Am I normal?

We answer some of the most common questions and concerns people have about how they feel when they are grieving.

Grief affects us all in different ways. It’s important to remember there is no ‘normal’ way to grieve.

The many different aspects of grief can come as a shock. One of the most common questions we get asked is ‘am I normal?’

Here are some of the experiences you might have after a death that might worry or surprise you.

Is it normal to…

It’s normal to see a person who has died. You might also hear their voice, sense their presence, or even find yourself talking to them. It can often happen when you least expect it. This often happens because your mind has temporarily forgotten they’ve died or because your brain is trying to process the death and acknowledge the finality of it. 

Anger is a completely normal part of grief. You may find yourself facing family, financial and domestic responsibilities which you don’t feel able to cope with.

You may feel angry with someone you feel is responsible in some way for the death. You may feel angry with the person who died for leaving you. These are all normal responses to feeling out of control, powerless and abandoned.

You might feel very anxious after someone dies. This often includes feeling panicky, breathless or having palpitations. A full panic attack can be a very frightening experience. It can make you feel dizzy or confused, faint or even be sick. 

It’s normal to keep replaying the details of someone’s death in your head. Particularly where the death was sudden, unexpected or traumatic. This is the mind’s way of dealing with what happened.

However sometimes after a traumatic experience people become very disturbed by mental images, which in a severe form can become Post-Traumatic-Stress Disorder (PTSD). This is when it might be time to ask for help. 

It’s normal to feel numb in the days after someone dies.  Shock can have this effect, and you might carry on at first as if nothing has happened. It is hard to believe that someone important is not coming back.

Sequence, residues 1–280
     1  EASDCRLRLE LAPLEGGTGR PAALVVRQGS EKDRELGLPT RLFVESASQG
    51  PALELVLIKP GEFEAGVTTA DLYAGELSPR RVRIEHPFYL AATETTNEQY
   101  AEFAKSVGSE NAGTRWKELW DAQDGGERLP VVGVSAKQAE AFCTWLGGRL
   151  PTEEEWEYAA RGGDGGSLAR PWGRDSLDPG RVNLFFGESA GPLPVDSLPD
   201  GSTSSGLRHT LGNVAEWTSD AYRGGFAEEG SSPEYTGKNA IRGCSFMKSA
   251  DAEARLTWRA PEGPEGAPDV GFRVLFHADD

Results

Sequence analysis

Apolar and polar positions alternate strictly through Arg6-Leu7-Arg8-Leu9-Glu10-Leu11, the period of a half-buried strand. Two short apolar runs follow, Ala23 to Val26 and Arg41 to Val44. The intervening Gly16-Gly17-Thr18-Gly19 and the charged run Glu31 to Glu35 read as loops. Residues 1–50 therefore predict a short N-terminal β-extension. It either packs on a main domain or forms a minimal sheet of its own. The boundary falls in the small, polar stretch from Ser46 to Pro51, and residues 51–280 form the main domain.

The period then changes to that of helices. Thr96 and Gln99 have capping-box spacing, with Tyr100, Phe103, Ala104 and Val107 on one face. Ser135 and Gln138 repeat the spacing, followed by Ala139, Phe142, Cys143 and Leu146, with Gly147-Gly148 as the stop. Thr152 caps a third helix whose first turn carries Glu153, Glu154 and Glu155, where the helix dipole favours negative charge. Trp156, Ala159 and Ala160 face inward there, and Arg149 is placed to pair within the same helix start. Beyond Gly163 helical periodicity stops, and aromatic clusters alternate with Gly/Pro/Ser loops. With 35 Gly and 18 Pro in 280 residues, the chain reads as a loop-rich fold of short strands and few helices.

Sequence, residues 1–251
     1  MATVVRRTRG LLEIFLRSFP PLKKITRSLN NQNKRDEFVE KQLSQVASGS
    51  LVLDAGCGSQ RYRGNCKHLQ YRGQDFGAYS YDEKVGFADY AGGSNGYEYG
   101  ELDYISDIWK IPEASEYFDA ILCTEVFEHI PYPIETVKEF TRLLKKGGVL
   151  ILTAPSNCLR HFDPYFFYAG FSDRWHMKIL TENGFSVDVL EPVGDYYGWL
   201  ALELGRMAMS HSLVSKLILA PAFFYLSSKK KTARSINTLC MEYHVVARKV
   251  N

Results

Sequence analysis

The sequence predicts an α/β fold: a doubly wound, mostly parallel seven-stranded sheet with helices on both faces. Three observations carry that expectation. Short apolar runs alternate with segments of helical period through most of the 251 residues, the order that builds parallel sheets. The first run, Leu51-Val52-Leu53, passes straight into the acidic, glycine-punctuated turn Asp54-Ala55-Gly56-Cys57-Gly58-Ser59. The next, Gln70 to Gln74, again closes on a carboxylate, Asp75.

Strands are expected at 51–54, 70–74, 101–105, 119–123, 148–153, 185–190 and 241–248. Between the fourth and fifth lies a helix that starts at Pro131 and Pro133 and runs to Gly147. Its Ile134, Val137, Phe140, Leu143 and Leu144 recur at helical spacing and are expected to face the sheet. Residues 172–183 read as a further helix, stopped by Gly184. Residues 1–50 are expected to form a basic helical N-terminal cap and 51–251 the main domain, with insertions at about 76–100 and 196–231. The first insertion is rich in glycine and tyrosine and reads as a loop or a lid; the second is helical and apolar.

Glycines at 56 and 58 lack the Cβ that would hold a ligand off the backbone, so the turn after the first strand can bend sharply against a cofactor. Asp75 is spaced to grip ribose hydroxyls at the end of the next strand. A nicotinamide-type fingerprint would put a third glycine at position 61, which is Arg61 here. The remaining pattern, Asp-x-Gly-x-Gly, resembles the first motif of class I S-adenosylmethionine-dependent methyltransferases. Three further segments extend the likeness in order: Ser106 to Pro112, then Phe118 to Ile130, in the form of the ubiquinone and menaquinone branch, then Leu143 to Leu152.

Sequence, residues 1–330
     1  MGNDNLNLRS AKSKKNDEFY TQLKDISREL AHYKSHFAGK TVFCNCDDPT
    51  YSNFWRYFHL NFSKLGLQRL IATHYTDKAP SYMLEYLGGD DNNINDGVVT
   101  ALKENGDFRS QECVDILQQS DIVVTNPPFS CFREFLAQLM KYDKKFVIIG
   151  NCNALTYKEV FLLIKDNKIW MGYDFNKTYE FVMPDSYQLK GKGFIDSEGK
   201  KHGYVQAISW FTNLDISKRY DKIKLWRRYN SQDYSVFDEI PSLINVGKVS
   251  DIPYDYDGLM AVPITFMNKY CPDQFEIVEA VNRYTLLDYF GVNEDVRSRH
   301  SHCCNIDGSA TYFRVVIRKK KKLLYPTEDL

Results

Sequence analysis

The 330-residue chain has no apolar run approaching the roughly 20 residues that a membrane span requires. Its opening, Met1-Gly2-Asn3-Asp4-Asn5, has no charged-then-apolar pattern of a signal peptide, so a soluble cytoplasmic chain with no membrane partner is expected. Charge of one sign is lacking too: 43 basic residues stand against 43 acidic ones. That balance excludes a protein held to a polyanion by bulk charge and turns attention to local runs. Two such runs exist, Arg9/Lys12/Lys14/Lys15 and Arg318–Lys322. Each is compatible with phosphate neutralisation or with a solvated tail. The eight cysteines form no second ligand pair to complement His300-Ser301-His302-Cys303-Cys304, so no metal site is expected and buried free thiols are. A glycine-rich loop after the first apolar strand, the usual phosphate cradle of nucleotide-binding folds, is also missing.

Many people feel disorientated – as if they have lost their place and purpose in life or are living in a different world. 

People react to grief in very different ways. Some people find they cry very frequently and may be overwhelmed by the strength of their emotions.

Others may feel numb for some time, or feel unable to cry. Some people experience swings between extremes. You might find that these differences can cause conflict as people experience conflicting emotions at the same time. But it’s important to remember all of these reactions are normal. It doesn’t reflect how you felt about the person who died.

After someone dies, you might experience aches, pains, nausea and other symptoms of illness. These are all normal reactions to grief but can be very distressing. 

It’s normal to have trouble sleeping after someone dies. You might be frightened to go to sleep because of bad nightmares. Or you might find it difficult to get to sleep because your mind is racing. Sometimes, you may dream that the person who died is still alive and find waking up to be painful.

You may not feel like eating in the early days after someone dies. It may feel difficult to swallow and food can taste strange. This is completely normal, but if it continues after several weeks it might be time to talk to your GP.

It’s also common after a death to want to eat lots of foods that feel comforting to you. This is okay. It’s okay if your diet looks like a little different now. The most important thing is that you’re eating something.

But if you do find you’re eating a lot of food over a short period of time until you’re uncomfortably full, you might find it useful to talk to your GP.